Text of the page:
Air Force Secretary Frank Kendall speaks Nov. 13, 2023, at the Center for a New American Security. Credit: CNAS livestream

WASHINGTON — Secretary of the Air Force Frank Kendall issued a stark warning Nov. 13 about the impact of funding delays and continuing threats of government shutdowns.

Current temporary funding runs out Nov. 17. To avert a government shutdown, lawmakers are scrambling to extend funding for some agencies perhaps until January, and others until February. This uncertainty means dozens of Air Force and Space Force programs that should be gearing up for production will stall due to lack of predictable funding, Kendall said at a Center for a New American Security forum.

The Department of the Air Force in its 2024 budget is seeking billions of dollars for next-generation technologies such as hypersonic weapons, a new intercontinental ballistic missile and modern satellite networks. The absence of both a budget agreement and a defense authorization bill “brings programs to a screeching halt,” said Kendall, noting that this comes at a time when the U.S. faces growing strategic competition from China and Russia.

“There are about a dozen or more new starts, things that we need congressional authorization to start,” he said. “So not having an authorization bill yet, not having an appropriations bill, this means we have to wait until those things are passed to begin.”

The time that the Air Force and the Space Force spend waiting for funding, “is time we’re ceding to China,” Kendall added. “They are in a race for military technological superiority. There’s no question about that. And they’re moving forward very quickly.”

“We need to move quickly, and giving away time that we could use doesn’t make any sense to me,” he said. “Think of it this way, if you’re doing a race that’s a mile long, we’re essentially giving away a quarter mile headstart to the other side.”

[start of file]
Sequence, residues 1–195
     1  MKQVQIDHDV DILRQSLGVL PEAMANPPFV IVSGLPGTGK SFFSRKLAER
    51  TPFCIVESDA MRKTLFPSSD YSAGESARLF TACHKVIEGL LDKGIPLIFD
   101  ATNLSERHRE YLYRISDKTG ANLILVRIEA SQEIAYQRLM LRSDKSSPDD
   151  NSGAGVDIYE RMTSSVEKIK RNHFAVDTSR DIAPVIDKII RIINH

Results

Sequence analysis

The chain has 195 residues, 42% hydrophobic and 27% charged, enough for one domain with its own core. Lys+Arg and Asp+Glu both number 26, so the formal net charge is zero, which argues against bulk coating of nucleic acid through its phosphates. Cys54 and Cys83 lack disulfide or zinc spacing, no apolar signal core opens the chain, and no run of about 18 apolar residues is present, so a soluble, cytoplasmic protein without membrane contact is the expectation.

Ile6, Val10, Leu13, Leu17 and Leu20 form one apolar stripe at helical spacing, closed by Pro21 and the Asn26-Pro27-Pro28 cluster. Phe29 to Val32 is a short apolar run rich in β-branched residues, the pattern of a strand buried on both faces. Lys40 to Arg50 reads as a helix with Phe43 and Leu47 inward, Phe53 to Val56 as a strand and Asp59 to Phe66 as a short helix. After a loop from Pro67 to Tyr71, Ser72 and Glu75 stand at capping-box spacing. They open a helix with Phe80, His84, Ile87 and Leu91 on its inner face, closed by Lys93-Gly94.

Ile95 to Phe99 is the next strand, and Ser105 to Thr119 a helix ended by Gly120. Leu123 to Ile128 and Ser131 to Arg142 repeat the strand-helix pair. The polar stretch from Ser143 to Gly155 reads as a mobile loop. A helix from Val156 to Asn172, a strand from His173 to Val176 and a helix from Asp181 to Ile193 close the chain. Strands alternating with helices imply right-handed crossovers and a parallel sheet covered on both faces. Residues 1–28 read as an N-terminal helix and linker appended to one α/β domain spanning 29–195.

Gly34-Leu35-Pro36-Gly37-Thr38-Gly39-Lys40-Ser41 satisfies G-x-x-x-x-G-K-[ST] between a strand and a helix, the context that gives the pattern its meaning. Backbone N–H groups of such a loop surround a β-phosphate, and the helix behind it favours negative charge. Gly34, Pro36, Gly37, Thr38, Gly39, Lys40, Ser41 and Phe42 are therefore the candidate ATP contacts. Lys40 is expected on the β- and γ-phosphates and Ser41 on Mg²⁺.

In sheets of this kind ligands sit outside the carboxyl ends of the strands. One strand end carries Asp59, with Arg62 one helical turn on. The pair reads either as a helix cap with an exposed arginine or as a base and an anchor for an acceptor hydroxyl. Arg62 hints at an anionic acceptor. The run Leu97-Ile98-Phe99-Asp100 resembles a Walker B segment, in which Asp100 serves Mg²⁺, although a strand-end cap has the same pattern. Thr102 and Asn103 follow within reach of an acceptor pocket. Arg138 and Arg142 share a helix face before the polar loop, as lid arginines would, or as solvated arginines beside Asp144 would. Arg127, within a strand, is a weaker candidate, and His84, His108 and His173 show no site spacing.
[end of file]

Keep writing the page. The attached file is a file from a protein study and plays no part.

The new normal

During a question-and-answer session, CNAS senior fellow and defense programs director Stacie Pettyjohn noted that short-term funding bills, or continuing resolutions, have become the new normal, and asked Kendall to explain why the military services have such a difficult time coping with the disruption.

The main reason is that new programs can’t be started under CRs, said Kendall, but more importantly is that “it’s a criminal act to spend money you don’t have from the Congress, so we can’t spend money we don’t have yet.” 

“The implications are widespread,” Kendall added. CR’s only allow the government to spend at the previous year’s levels. In the case of the Air Force and the Space Force, specific increases were requested for several programs, and under a CR “you basically can’t increase funding on things that you would plan to increase money on, and you can’t ramp up production rates,” he added. “So that has a big impact. You can’t hire people. You can’t put contracts in place and if you do, you have a limited scope of work in the case of production programs. So it just holds us back. It’s like an anchor keeping us from moving forward.”

Kendall said he’s discussed the situation with congressional defense committees, which understand the urgency of the Department of the Air Force’s modernization investments and have been supportive. But the problem with funding bills is at the congressional leadership level, where both sides are entrenched and unable to make progress on a budget deal. 

He pushed back against claims that the military has large budgets and nevertheless has been slow to adopt cutting-edge technology. “We don’t have an innovation problem. We have a money problem,” he said. The Air Force and Space Force know what technologies and systems they need to move forward, Kendall insisted, but can’t execute on any of it without sufficient, consistent funding.

The Air Force has a track record of starting too many programs it can’t fund, and Kendall has been trying to rein that in. “We have a tendency in the last few years at least, to have started too many projects we can’t afford. We need to be more focused and more disciplined about starting things that we really do intend to take into production.”

“We’re well aware of what’s happening in the commercial world, and very prepared to take advantage of that, particularly in areas like space,” he said. “But what we really need is the resources to move forward.”

Sandra Erwin writes about military space programs, policy, technology and the industry that supports this sector. She has covered the military, the Pentagon, Congress and the defense industry for nearly two decades as editor of NDIA’s National Defense...